Forever Friends (Part 2)

Let’s finish our conversation from the last post on the topic of women’s friendships.  Most women agree that having a group of friends or even one close friend increases the quality of our lives. At the very least, she gives us someone to call when we need a dinner idea, someone to complain about the injustices of this life (Why did Downton Abbey have to kill off everyone’s favorite character?) and who will meet us at 5am for Black Friday shopping.

(Side Note: If you are not a Downton Abbey fan yet, run, don’t walk, to PBS and start watching the first 3 seasons so that when January rolls around and the whole world of American social media explodes with DA talk, you will not be left behind! It’s such a worthy show…. just looking out for you, friend!)

Face it, there is so much of a woman’s life that men have no frame of reference to understand. Ever tried to talk to a man about highlights and lowlights? Do it for fun one day…I know…let’s ALL do it and write the results in the comments section of this blog post…THAT would be some good reading!  And when we say we don’t have anything to wear, despite a closet of clothes, we don’t mean that literally.

Well maybe, sometimes.

I think that most women yearn for the kind of friends who gets them. Someone to share our day to day struggles, know who Stacey and Clinton are without explanation, and understand that our deep need for chocolate is not a choice…it’s chemistry!

All of the things I’ve mentioned so far about friendship might sound superficial at first, but that is how the foundation for the deeper stuff of relationships is built. We want friends who love us unconditionally, forgive quickly and always show up when we need them most.  By the time you reach the half time of life, many friendships have been built on shared experiences, either through childrearing or the work place.  The problem with this is that these are the variables of life, not the constants.  I wish there was an easy formula for how to make friends.  You know A + B = C.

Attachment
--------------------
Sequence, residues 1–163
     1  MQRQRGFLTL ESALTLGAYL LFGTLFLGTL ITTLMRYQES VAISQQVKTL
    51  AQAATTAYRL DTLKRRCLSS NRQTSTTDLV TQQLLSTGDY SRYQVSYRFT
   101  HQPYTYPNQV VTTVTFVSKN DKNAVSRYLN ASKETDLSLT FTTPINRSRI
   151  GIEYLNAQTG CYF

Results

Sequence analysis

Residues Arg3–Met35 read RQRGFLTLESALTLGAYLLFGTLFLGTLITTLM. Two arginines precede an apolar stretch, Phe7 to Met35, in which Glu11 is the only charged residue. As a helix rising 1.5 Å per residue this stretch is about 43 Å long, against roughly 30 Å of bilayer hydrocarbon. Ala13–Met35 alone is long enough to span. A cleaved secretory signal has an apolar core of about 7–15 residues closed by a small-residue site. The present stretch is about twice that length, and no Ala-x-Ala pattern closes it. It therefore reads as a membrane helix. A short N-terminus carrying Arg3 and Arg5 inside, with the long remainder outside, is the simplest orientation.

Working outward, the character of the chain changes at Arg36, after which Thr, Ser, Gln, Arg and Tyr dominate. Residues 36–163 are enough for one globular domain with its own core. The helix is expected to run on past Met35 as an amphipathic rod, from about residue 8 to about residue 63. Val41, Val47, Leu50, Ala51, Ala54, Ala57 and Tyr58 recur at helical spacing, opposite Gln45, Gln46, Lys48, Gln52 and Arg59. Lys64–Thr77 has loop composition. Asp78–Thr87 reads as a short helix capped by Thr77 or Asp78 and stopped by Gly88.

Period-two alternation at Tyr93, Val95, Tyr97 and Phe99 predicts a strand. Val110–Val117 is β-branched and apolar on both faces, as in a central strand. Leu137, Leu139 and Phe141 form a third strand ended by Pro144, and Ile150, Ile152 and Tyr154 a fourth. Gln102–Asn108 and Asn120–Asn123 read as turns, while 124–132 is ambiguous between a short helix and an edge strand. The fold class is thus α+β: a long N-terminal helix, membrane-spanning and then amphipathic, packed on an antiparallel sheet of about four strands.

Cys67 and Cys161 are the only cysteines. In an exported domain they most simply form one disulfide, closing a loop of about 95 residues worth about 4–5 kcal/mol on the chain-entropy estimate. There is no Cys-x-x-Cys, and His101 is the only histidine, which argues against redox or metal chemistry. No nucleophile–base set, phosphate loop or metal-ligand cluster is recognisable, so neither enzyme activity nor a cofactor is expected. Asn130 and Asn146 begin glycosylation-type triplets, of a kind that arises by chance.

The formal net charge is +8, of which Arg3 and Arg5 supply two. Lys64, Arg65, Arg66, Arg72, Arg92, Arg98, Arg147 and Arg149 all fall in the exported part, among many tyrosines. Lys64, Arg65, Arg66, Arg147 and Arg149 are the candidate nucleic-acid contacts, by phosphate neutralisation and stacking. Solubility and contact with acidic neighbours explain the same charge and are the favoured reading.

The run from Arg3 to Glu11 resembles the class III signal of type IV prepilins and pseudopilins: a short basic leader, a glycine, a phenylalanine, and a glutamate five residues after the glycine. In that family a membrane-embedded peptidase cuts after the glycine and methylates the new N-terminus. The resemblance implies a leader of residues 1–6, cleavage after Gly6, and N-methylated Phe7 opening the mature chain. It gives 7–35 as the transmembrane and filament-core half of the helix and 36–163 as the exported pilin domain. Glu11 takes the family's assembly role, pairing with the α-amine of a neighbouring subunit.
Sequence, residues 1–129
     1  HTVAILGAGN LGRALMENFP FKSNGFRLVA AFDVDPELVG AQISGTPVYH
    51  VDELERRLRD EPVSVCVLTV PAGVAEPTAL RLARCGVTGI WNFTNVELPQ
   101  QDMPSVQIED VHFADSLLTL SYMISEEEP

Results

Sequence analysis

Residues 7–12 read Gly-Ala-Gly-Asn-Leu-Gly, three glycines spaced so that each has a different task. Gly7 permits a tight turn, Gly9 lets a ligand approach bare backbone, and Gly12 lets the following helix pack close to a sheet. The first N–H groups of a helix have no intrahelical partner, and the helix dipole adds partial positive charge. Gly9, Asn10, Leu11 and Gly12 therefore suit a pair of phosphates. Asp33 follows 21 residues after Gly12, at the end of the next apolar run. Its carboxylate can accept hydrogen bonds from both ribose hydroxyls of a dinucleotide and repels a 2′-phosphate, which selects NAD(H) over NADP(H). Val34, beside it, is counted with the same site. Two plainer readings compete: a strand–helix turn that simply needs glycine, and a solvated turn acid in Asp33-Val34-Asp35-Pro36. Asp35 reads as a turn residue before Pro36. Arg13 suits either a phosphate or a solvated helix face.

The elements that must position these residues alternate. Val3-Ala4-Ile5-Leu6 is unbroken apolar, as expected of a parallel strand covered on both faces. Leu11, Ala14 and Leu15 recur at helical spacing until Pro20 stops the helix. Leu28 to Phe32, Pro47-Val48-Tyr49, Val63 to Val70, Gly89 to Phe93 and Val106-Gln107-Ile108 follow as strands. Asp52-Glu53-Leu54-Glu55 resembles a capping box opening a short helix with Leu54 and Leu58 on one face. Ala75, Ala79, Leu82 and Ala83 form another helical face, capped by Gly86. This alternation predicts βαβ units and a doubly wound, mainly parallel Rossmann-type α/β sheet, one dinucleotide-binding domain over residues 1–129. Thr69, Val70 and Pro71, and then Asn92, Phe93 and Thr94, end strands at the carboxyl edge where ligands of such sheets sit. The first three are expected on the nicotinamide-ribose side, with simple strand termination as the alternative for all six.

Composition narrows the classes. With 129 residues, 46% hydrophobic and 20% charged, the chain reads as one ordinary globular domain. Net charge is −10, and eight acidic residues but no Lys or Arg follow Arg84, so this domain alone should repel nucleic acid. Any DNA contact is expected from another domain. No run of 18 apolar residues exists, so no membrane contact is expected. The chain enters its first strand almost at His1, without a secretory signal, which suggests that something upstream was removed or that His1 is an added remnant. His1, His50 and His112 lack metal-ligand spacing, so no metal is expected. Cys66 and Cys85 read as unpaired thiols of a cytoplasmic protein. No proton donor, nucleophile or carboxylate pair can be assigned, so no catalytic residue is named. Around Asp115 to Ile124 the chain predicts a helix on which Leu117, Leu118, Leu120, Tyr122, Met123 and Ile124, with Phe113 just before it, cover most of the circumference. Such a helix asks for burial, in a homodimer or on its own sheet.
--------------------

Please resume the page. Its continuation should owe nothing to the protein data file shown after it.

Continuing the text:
Ok, I’m gonna stop talking math now.

While there’s probably not a guaranteed formula for making friends, here’s some thoughts about what I think works well at any age:

 5 Ways to Grow a Friendship at Any Age

 1. Seek friends who have the same core values. Not the same age, same race, same income, same marital status. Same core values.  This makes the foundation for a deep friendship possible.  Without it, you’ll be hard pressed to get into the real stuff of life with any common understanding. I have friends from a lot of different backgrounds, faith practices and life experiences.  I love them all…but the depth of friendship I have with them goes deeper the closer their core values mirror mine.  (There’s probably a math principle for this…..I just say “duh”.)

2. Take the risk of being vulnerable.  Don’t be embarrassed if you feel you don’t have any friends. I think a lot of women feel defeated before they even start the process of looking for a friend. Negative self- talk can keep you from taking those first steps in making friends. Even if you get rejected, it’s not always personal…that person may already have a full life and feels over extended. Put your big girl pants on and keep looking. I know a gal who left life as she had known it-the place she had raised her family with a group of life long friends, and moved to a completely new town, several hours away to go back to school and start a new path for the second part of her life.  That is scary stuff. She left all the people who had seen her kids grow up and moved away to a place where she was the new kid on the block. (She’s a Flake—see below.) How did she handle it?  She said “I have opened my heart to new friendships.”  That’s how it’s done.